“self" is neither a keyword nor has a special meaning in Python, but it has a place and a job to do in Object-oriented programming. When we create a class and write a function in it, we use self as the function's first parameter. This article will discuss about the "self in Python” with examples.
What is self in Python?
A class is like a blueprint for its instances/ objects. We can create multiple objects for a class, and every object can have its attributes. The class must be able to store all the different sets of attributes of individual objects created, and for which self is used.
Let us take an example:
class addition: def __init__ (self, a, b): self. a = a; self. b = b; def add (self): sum = self. a + self. b; print ("The addition of a =",self. a, "and b =", self. b, "is", sum) obj = addition (4, 5) obj. add () obj1 = addition (3, 4) obj. add () obj1. add ()
The addition of a = 4 and b = 5 is 9 The addition of a = 3 and b = 4 is 7
In the above program, we created a class named addition, in which we used 2 methods – init and add. In the first method, we used self as the first parameter and the second parameter as the only parameter.
In the init method, we used the self variable to initialize the parameters, a and b. We tell the class that every object created can have its values for a and b. So, variables a and b can hold different values for different objects, and the class can keep track of the values.
As you can observe, we created two objects, obj, and obj1. We gave different arguments to both the objects and called the add method from the class. In the add method, we gave self as the only parameter. Using it, we accessed the values of a and b variables.
- There are class methods, instance methods, and static methods in Python, and self is necessary to be used in Instance methods.
- When we pass external arguments to class methods, they become instance methods. These methods are used to get details about specified objects/ instances of the class.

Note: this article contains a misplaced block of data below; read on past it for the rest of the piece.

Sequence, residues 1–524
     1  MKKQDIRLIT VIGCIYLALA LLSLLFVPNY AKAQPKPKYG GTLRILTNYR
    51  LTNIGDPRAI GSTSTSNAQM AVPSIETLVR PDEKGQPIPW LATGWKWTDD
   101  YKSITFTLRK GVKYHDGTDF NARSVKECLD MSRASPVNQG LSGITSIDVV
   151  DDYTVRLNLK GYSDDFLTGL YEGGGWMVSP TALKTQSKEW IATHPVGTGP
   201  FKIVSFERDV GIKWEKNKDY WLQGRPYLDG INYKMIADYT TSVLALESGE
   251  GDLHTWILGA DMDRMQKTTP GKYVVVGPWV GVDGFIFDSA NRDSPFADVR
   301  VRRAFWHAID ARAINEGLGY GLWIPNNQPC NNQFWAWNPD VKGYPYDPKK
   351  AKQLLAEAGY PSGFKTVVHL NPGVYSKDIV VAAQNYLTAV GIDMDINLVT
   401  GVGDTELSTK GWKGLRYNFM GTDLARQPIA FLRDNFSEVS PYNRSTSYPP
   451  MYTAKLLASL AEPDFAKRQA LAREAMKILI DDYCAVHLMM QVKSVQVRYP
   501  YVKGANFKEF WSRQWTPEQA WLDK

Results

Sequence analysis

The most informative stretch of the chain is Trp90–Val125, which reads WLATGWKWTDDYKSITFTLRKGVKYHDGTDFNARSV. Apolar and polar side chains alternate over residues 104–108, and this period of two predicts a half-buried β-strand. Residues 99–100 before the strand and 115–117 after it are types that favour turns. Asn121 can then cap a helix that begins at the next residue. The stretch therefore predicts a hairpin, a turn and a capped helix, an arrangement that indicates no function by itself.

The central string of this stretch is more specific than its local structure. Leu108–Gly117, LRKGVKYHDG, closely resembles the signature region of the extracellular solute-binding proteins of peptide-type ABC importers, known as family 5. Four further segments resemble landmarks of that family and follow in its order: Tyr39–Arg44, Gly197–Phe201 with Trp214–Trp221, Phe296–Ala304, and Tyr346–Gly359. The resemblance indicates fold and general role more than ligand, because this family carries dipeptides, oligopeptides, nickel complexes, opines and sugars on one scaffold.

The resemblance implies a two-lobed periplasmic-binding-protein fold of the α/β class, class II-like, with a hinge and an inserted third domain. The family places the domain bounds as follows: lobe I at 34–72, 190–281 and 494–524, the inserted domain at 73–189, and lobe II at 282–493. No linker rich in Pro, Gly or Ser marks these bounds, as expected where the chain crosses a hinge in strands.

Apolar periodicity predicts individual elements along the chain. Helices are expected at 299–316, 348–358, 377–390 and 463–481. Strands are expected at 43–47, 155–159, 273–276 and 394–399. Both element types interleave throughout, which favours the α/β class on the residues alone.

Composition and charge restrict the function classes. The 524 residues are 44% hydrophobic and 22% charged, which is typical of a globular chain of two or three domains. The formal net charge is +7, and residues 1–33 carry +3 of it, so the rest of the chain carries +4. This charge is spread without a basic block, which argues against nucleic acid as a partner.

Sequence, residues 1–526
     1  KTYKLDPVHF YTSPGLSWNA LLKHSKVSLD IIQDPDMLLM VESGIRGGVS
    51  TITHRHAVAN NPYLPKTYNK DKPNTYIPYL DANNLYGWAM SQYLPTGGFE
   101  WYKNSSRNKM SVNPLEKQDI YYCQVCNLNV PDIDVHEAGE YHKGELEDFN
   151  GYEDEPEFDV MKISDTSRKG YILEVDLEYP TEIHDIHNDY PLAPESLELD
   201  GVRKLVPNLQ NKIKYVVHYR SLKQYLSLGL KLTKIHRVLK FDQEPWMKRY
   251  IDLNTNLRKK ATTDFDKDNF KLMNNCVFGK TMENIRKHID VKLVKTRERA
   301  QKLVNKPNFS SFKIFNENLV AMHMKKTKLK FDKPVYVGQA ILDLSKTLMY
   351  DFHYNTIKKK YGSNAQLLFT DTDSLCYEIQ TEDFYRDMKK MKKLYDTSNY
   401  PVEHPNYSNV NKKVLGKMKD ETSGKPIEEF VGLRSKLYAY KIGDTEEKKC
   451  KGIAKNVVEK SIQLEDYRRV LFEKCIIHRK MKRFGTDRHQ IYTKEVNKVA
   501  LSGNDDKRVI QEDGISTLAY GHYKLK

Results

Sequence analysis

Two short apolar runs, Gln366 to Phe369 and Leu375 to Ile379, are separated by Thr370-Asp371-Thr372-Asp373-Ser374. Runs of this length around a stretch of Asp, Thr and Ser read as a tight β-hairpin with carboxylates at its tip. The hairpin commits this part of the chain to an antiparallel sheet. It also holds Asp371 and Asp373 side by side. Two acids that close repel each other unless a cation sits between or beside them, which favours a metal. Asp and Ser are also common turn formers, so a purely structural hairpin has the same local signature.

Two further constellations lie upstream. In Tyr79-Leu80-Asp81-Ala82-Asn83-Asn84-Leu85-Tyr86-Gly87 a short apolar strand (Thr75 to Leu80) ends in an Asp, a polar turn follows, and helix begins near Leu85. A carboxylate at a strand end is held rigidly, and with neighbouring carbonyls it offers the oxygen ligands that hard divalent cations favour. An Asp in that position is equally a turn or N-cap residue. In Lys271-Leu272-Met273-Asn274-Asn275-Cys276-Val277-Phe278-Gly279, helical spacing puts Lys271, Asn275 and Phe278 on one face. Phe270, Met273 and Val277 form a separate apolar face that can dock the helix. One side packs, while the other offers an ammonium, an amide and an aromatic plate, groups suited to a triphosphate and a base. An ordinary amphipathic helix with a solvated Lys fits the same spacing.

- The above example is an instance method.
Let us take another example:
class car: def __init__ (self, model, number, state): self. model = model self. number = number self. state = state def info_display (self): print ("Model of the car:", self. model) print ("Number of the car:", self. number) print ("The car is purchased in:", self. state) obj = car("Hyundai Elantra Hybrid", "3409", "Tamil Nadu") obj. info_display ()
Model of the car: Hyundai Elantra Hybrid Number of the car: 3409 The car is purchased in Tamil Nadu
We created a class car in which we created two instance methods - __init__ and info_display. After creating an object-obj, we passed arguments to the parameters- model, number, and state. These arguments are assigned to obj in the init method, and when we call the info_disply method, the information about the car is printed.
Look at the program like this:
- ***When an object is created to a class, the object replaces self, or in other words, it is passed as an argument to the self parameter***
- Look at the above program and replace self with obj to understand the mechanism.
def __init__ (obj, model, number, state): obj. model = model obj. number = number obj. state = state
Now, you can understand that the arguments passed are all assigned as the instance arguments in the __init__ method.
- This way, every object can have its attributes and methods.
- When we access the instance attributes using the self:
def info_display (obj): print ("Model of the car:", obj. model) print ("number of the car: ", obj. number) print ("The car is purchased in: ", obj. state)
In the init method, these attributes are assigned, and hence, we can access them now in the method using the self parameter.
class add_sub: def __init__(self, a, b): self. a = a self. b = b def add (self): c = self. a + self. b print("The sum of", self. a, "and", self. b, "is", c) def sub (self): d = self. a - self. b print("The difference between", self. a, "and", self. b, "is", d) obj1 = add_sub (2, 3) obj1. add () obj2 = add_sub (8, 2) obj2. sub ()